Essentially, those that are highly adept at memorization tasks ‘encode’ information (store it in their mind) very effectively.The most common way of encoding large amounts of information effectively is with visualization.The same thing that makes them popular also makes them rather ineffective (requiring relatively little cognitively effort).Tags: Academic AssignmentsWhat Does An Sat Essay Score Of 8 MeanEssay On MasculinityArgumentative Research Paper TopicDirector Of Marketing And Communications Cover LetterAssigning A Personalised Number PlateEssay Of My Family In French
One of the biggest myths about memory is that “You can’t increase your memory by training it." WRONG!
I can sort of appreciate why this myth might be accepted (‘If I can’t do anything about it, there is no point trying. The inconvenient truth is that there are *plenty* of ways to improve your memory, or to simply get the most out of what is already there.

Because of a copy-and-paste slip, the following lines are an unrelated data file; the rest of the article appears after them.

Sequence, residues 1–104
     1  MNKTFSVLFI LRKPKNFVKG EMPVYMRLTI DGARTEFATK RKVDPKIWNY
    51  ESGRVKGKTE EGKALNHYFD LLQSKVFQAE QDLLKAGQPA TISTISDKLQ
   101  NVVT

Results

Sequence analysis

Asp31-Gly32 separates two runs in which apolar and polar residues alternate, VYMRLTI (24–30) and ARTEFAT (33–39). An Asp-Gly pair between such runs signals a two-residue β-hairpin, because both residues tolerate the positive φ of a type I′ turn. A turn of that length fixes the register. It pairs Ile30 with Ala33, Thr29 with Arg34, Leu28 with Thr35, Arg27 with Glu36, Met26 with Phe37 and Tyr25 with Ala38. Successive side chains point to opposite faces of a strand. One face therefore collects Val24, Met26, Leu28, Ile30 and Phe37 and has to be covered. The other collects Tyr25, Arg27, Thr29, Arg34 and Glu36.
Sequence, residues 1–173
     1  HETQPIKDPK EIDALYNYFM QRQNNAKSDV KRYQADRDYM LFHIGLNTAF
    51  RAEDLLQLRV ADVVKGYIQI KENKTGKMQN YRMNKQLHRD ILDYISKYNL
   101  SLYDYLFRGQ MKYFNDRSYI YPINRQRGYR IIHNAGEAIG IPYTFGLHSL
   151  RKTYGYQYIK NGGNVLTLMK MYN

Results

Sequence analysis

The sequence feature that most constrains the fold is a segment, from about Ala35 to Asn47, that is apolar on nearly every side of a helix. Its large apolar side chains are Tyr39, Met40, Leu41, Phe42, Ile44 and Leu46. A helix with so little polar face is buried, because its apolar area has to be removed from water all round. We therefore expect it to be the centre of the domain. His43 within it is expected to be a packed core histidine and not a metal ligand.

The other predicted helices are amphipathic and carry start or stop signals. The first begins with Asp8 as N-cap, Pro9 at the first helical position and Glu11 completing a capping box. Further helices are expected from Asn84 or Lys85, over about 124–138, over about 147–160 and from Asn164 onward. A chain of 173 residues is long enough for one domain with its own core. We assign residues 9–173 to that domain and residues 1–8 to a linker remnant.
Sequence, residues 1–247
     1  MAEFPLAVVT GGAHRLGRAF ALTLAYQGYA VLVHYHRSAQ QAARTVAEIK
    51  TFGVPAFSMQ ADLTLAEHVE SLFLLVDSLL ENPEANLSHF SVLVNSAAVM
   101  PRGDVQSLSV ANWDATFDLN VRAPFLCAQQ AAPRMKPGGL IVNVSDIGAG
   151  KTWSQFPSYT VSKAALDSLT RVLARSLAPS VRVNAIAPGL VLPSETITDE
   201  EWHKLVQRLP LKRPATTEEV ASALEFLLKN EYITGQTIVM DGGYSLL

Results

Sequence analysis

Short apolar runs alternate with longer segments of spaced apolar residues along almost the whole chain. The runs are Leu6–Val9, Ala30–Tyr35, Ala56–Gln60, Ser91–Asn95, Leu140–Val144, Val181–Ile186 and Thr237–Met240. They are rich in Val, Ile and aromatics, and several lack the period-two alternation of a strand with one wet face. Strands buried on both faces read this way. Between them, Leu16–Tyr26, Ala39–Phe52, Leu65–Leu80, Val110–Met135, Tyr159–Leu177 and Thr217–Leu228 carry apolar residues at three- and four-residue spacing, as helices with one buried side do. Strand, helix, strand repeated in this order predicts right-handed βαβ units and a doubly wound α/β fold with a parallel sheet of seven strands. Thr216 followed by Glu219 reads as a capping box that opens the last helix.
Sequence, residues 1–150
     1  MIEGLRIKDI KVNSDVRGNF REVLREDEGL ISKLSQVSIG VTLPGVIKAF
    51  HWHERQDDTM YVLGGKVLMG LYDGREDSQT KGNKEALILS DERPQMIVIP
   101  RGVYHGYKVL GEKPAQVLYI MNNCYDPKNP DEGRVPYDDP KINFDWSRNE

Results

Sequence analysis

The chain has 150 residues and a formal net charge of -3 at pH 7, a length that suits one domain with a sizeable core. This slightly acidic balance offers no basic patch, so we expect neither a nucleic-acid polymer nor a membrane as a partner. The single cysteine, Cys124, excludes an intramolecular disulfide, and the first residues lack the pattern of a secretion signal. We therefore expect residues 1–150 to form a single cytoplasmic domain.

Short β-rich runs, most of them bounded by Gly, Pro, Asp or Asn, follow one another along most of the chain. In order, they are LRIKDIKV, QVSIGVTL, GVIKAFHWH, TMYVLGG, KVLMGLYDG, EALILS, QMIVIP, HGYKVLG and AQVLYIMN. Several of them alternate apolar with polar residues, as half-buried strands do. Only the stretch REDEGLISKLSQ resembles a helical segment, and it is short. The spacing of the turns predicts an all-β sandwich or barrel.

A group study appearing in the New Year 2003 edition of Nature Neuroscience investigated the reasons for memory champions’ superior performance.
Their conclusion was that they employed "strategies for encoding information with the sole purpose of making it more memorable," but that superior memory was NOT driven by exceptional cognitive ability or structural differences in the brain.
Going to sleep probably eliminates a lot of environmental stimuli that might interfere with the learnt content.
While sleeping instead of studying may not be that helpful, it might be worthwhile going to bed shortly after a study session. Visualize Sometimes our brains can’t really tell the difference between what is real and what we imagine.
We know that mental imagery can activate some brain regions; and that mental rehearsal can lead to measurable improvement for some tasks.
Mentally ‘visualizing’ information can also help tremendously.
Some people do it more than others but regardless of age, gender, ethnicity or IQ – people procrastinate.
The catch-cry of the procrastinator may as well be “Why do today what you can put off until tomorrow." Sometimes this makes sense, but the bottom line here is that, despite its immense popularity, cramming just does not work.